Book Review: Burn by Danae Samson

Burn Front CoverTitle: Burn

Author: Danae Samson

Genre: Thriller /  Suspsense

Age Group: Adult (18+)

Rating: 4,5 stars

Purchase: Amazon (US) | Amazon (UK)  | The Book Depository | B&NFlipkart  | Fishpond

Review copy provided by Enchanted Book Promotions in exchange for an honest review.

From the pen of Danae Samson, author of the terrifying debut, LAMENT HILL, comes her follow-up novel, BURN: The Casual Slaughters of Simon Green.
Violence comes to the small Californian college community of Riverhearst as a group of students and teachers are forced to confront a sociopathic killer targeting students.  But what is more frightening is that this killer appears to be one of their own…
Prepare to experience the neuroses and the casual slaughters of Simon Green.
Prepare to experience the horror of a town BURN!

The college of Riverhearst is the target of a serial killer. Four students will die at his hands, he promises. Even though college knows about the treat, they think it’s a stupid practical prank, until the bodies start showing up. The first body is Christie Wilkens, is found soon after. Police investigates the case, but the only lead they’ve got so far is that Christie had an affair with her professor.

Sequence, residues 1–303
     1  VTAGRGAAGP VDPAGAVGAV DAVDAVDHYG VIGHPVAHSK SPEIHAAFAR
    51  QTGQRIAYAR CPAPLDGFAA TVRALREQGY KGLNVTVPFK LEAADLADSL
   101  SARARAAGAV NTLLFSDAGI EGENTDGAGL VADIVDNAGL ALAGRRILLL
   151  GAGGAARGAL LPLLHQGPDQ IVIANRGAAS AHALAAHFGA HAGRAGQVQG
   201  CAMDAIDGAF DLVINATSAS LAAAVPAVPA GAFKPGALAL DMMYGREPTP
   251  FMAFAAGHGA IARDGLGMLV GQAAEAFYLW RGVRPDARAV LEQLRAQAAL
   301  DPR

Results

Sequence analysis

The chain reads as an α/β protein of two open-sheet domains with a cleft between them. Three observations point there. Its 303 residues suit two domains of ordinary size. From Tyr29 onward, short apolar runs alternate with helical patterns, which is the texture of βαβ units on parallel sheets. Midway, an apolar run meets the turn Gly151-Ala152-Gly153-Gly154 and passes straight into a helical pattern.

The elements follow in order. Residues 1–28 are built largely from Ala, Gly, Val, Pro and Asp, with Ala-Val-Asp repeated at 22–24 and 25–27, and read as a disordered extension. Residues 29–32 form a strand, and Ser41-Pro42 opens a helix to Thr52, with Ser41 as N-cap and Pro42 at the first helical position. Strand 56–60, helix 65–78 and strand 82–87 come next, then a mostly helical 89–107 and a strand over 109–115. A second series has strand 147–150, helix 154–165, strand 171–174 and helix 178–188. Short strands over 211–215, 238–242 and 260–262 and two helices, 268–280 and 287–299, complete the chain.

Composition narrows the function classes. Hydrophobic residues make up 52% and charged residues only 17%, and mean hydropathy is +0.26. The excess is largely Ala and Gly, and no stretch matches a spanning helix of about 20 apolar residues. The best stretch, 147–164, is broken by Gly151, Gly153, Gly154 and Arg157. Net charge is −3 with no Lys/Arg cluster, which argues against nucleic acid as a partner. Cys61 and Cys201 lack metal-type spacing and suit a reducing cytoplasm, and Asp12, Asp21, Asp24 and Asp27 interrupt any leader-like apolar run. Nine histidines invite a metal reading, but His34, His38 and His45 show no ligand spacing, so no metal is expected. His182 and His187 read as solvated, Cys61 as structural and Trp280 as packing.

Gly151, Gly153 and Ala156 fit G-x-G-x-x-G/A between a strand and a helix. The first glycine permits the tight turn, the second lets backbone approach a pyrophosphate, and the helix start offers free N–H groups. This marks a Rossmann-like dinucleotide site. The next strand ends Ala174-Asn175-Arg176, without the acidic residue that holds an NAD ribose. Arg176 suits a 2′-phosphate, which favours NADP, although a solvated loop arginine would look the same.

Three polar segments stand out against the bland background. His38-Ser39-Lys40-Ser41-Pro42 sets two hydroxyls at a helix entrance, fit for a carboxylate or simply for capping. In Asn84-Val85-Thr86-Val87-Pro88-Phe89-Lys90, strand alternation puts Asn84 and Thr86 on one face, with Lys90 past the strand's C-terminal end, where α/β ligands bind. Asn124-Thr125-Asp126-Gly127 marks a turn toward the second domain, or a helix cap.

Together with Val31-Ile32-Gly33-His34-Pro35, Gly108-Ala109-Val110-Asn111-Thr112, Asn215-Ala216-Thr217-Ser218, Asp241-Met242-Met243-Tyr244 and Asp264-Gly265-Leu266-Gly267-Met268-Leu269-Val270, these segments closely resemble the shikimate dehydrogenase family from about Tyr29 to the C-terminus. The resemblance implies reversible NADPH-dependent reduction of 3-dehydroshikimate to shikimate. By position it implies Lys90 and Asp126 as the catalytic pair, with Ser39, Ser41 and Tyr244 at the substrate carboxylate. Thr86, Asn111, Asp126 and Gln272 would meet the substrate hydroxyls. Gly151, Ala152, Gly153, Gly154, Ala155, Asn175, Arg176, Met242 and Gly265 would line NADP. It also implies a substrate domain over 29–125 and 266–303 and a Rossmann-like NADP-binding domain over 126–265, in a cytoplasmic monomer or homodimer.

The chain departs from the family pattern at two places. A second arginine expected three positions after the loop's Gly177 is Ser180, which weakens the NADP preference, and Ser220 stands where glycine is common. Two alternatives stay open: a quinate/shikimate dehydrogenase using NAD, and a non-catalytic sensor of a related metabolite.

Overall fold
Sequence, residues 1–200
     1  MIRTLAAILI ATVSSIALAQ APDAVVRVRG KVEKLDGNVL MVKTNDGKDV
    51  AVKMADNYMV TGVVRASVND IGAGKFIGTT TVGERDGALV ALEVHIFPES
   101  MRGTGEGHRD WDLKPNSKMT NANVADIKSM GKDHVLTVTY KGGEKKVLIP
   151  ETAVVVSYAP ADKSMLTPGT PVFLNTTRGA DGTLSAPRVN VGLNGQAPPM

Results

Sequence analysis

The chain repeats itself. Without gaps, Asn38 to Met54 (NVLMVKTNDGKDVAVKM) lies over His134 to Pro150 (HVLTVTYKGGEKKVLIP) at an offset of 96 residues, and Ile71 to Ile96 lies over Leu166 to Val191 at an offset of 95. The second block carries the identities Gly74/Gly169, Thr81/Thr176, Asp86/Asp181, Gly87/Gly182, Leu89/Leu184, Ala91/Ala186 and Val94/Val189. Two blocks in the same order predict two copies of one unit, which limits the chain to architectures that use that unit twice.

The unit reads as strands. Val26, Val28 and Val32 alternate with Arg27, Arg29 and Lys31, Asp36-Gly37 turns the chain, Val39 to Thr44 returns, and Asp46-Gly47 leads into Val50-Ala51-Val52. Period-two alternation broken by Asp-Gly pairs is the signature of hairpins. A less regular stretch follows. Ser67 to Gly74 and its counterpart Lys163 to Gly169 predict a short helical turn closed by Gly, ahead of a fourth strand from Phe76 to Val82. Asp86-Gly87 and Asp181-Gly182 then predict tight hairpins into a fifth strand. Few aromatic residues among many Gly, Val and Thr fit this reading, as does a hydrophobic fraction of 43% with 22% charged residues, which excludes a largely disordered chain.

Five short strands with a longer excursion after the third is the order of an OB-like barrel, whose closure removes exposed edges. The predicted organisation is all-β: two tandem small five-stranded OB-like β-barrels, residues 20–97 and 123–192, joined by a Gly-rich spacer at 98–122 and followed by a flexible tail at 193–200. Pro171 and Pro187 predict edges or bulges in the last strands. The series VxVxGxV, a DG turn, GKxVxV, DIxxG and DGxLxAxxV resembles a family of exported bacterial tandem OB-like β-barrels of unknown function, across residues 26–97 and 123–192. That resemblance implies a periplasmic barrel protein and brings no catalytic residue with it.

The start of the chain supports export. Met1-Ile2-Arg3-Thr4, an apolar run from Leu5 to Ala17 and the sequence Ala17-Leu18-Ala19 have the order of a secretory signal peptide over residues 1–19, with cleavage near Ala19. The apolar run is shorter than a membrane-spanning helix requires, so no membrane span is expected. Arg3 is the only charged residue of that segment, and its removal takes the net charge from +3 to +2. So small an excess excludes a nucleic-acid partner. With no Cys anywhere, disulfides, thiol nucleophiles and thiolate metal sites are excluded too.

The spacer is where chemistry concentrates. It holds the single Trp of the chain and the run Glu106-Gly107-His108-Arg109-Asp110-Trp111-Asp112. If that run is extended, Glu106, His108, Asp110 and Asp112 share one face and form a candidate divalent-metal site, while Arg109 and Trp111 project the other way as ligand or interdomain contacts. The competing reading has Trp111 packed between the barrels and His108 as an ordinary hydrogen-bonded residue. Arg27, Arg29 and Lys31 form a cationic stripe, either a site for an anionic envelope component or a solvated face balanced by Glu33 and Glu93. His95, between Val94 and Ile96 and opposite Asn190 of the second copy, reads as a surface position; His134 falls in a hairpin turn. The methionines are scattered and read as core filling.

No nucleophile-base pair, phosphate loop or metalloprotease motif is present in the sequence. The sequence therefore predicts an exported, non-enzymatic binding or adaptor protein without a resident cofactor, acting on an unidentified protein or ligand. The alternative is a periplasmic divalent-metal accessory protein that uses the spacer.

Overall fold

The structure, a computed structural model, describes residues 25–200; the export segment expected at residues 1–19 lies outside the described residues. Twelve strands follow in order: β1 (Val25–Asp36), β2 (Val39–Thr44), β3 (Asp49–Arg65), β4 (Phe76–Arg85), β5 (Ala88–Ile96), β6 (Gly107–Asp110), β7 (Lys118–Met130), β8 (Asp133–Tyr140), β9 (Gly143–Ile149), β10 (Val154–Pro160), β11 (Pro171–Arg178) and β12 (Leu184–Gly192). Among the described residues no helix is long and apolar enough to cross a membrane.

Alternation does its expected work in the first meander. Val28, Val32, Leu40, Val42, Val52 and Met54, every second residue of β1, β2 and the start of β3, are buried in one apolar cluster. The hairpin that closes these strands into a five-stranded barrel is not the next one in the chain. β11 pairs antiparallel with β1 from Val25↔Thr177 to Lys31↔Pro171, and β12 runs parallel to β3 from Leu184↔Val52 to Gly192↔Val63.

Simon Green has always been troubled. Now he wants to show others’ impurities as well. Starting with Christie Wilkens, and then crossing off others who were also having an affair with their professors, like Kelly, Tiffany and Mel. However, Simon’s plans don’t always work out, and sometimes even the most well-thought-out plan can backfire. He’ll have to be very careful if he wants to murder all of them and get his message across.

The book is told mostly from Simon’s POV. He’s a murderer, a violent man, and obviously very troubled. His attitude to women is despicable. However, he makes for an intriguing main character. There are tons of books where the detectives try to solve the murder, but here the perspective switched from the professors who are troubled by what’s happening, to the detectives working the case, to the killer committing the murders. I enjoyed the switch of perspectives. Simon’s POV was my favorite, because it allowed a clear view in the mind of a psychopath.

The plot was fast-paced and strong. I didn’t always know what was going to happen next – it reads pretty much like an updated, improved version of CSI, or maybe a college-level version of Dexter. The characters were interesting, especially Simon and the professors – in particular John Lewis – and the writing was great as well.

An excellent read for fans of suspense novels and thrillers.

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